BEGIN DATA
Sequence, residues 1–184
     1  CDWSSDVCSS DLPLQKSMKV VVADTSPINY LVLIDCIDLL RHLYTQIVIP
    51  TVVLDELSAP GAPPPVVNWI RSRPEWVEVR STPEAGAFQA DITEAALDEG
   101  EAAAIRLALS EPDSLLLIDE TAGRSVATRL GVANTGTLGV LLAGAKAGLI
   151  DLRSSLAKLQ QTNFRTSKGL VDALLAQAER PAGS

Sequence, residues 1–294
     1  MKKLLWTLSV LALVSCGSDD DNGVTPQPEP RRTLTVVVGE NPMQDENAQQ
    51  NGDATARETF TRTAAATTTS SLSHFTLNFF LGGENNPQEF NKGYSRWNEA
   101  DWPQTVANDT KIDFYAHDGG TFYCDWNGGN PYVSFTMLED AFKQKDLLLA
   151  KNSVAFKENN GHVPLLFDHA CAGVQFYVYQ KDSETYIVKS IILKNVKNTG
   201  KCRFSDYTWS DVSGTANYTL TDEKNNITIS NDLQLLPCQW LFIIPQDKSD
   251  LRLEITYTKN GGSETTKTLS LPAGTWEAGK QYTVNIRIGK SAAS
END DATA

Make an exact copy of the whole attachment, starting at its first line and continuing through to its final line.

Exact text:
Sequence, residues 1–184
     1  CDWSSDVCSS DLPLQKSMKV VVADTSPINY LVLIDCIDLL RHLYTQIVIP
    51  TVVLDELSAP GAPPPVVNWI RSRPEWVEVR STPEAGAFQA DITEAALDEG
   101  EAAAIRLALS EPDSLLLIDE TAGRSVATRL GVANTGTLGV LLAGAKAGLI
   151  DLRSSLAKLQ QTNFRTSKGL VDALLAQAER PAGS

Sequence, residues 1–294
     1  MKKLLWTLSV LALVSCGSDD DNGVTPQPEP RRTLTVVVGE NPMQDENAQQ
    51  NGDATARETF TRTAAATTTS SLSHFTLNFF LGGENNPQEF NKGYSRWNEA
   101  DWPQTVANDT KIDFYAHDGG TFYCDWNGGN PYVSFTMLED AFKQKDLLLA
   151  KNSVAFKENN GHVPLLFDHA CAGVQFYVYQ KDSETYIVKS IILKNVKNTG
   201  KCRFSDYTWS DVSGTANYTL TDEKNNITIS NDLQLLPCQW LFIIPQDKSD
   251  LRLEITYTKN GGSETTKTLS LPAGTWEAGK QYTVNIRIGK SAAS